A Vancouver-based crisis hotline for women experiencing domestic violence has seen a 300 per cent surge in calls as more women flee from abusive partners during the coronavirus outbreak, service agencies say.
The Battered Women’s Support Services crisis line is now getting close to 100 calls each day, up from dozens a day one month ago, according to executive director Angela Marie MacDougall.
“Isolation is a hallmark of domestic violence situations,” MacDougall said.
“With COVID-19, and the social-isolation and social-distancing protocols that we’re all under, it creates a perfect environment for enhanced isolation and violence. It’s really concerning.”
The crisis hotline recently started operating 24-hours-a-day.
“Survivors are having their traumatic responses activated by the current situation so [they experience] increased depression, anxiety, loneliness, suicide ideation and desires to return to the abusive partner just out of loneliness,” MacDougall said.
Women in abusive relationships are asking how to get transition housing and manage acute trauma, she said. Neighbours are calling concerned about the noises they hear through walls. Colleagues tell operators they worry about women forced to work from home with abusive men.
“We’ve got calls from children and from youth who are living with an abusive father and they’ve witnessed their father abusing their mother,” MacDougall said.
Beds are filling up at transition houses — deemed essential services by the government — but physical-distancing obligations have reduced capacity, said Amy FitzGerald, executive director of the B.C. Society of Transition Houses.
“All the transition houses, safe homes and secondary homes are supporting folks, and providing them safe shelter and accommodation in these extraordinary times and circumstances,” FitzGerald said. “But they need help.”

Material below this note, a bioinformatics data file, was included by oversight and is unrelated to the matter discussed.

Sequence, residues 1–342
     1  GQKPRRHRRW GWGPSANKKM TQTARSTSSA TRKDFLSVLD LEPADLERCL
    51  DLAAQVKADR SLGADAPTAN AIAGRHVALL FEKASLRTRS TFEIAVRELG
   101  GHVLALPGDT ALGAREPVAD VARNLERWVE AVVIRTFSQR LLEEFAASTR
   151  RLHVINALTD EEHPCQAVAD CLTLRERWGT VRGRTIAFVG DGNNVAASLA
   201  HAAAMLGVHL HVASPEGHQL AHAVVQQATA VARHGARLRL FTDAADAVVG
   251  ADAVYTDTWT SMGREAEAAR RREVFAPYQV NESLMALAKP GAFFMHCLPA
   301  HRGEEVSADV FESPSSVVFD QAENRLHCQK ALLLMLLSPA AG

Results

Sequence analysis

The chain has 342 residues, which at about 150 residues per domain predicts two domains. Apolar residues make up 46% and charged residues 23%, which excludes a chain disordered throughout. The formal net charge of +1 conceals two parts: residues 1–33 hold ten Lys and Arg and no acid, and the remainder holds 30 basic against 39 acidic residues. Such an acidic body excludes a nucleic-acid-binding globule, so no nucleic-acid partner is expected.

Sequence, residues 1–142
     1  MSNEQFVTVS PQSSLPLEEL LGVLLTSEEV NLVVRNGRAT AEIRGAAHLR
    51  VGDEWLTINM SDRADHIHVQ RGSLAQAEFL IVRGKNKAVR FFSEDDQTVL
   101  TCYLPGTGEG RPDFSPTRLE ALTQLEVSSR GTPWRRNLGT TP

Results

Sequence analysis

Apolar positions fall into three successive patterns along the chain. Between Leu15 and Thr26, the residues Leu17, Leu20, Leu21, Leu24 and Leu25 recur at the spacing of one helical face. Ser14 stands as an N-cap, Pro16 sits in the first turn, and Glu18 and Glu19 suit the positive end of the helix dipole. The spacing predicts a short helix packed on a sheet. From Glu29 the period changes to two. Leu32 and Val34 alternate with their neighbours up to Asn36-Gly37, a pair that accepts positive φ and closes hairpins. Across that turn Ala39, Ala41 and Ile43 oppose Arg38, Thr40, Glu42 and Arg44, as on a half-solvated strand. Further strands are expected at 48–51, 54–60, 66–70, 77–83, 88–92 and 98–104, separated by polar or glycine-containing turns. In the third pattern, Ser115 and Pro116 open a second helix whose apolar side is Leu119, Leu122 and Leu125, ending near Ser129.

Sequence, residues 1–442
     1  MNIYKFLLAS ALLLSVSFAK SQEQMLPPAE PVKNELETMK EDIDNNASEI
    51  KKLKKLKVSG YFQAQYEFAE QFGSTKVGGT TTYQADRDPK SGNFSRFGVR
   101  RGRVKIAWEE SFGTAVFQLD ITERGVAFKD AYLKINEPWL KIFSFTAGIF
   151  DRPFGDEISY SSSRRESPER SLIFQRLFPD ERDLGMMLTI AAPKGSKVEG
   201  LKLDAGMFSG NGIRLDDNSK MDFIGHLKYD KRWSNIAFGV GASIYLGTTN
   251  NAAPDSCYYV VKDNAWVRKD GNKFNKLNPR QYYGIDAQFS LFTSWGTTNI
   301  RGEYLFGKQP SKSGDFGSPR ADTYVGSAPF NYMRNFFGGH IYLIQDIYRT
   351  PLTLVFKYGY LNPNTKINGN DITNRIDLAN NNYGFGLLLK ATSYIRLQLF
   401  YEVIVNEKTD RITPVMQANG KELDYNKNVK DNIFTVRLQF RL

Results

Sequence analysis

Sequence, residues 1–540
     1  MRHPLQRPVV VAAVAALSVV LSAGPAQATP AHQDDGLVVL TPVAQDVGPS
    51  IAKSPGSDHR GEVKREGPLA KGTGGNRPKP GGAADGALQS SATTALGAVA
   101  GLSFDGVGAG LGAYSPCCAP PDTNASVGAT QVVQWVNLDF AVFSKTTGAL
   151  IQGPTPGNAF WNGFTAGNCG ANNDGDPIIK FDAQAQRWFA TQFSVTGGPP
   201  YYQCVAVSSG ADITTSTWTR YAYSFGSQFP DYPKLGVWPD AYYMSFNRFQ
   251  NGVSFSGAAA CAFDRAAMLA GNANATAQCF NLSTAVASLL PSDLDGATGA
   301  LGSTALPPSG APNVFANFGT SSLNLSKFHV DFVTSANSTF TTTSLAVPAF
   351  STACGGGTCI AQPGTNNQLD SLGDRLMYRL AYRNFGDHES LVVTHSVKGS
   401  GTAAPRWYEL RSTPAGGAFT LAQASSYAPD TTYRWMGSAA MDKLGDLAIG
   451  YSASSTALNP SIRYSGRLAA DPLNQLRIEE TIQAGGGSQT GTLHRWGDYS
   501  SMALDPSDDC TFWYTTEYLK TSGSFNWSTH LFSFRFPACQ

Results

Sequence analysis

She said transportation to the houses has been particularly challenging for women in remote communities. Counsellors are switching their services to phones and online.
FitzGerald said transition houses have two key needs now.
Prioritized COVID-19 testing for symptomatic women, children and staff would allow operators to determine whether they should prepare extra space for isolation or allow them to join a community house setting.
The houses also need personal protective equipment such as masks and gloves, cleaning supplies and cash donations to help pay for technology to allow remote counselling and support.
Some hotel operators have already set aside some rooms to help, MacDougall and FitzGerald said. “We would much rather have folks be in shelter surrounded with supports and in a secure setting, but, in times like this, when the numbers may increase, we have to sort of be creative in terms of what overflow accommodations are available,” FitzGerald said.
“What’s happening right now is all cleaned hands are on deck, in terms of trying to build out a new model of supporting survivors, and we’re doing it fast and furious,” MacDougall said. “Good things are happening.”
On March 18, the federal government acknowledged the need to support women and children fleeing violence in its COVID-19 economic response plan. Ottawa announced up to $50 million in funding for women’s shelters and sexual-assault centres to help them manage or prevent a virus outbreak in their facilities.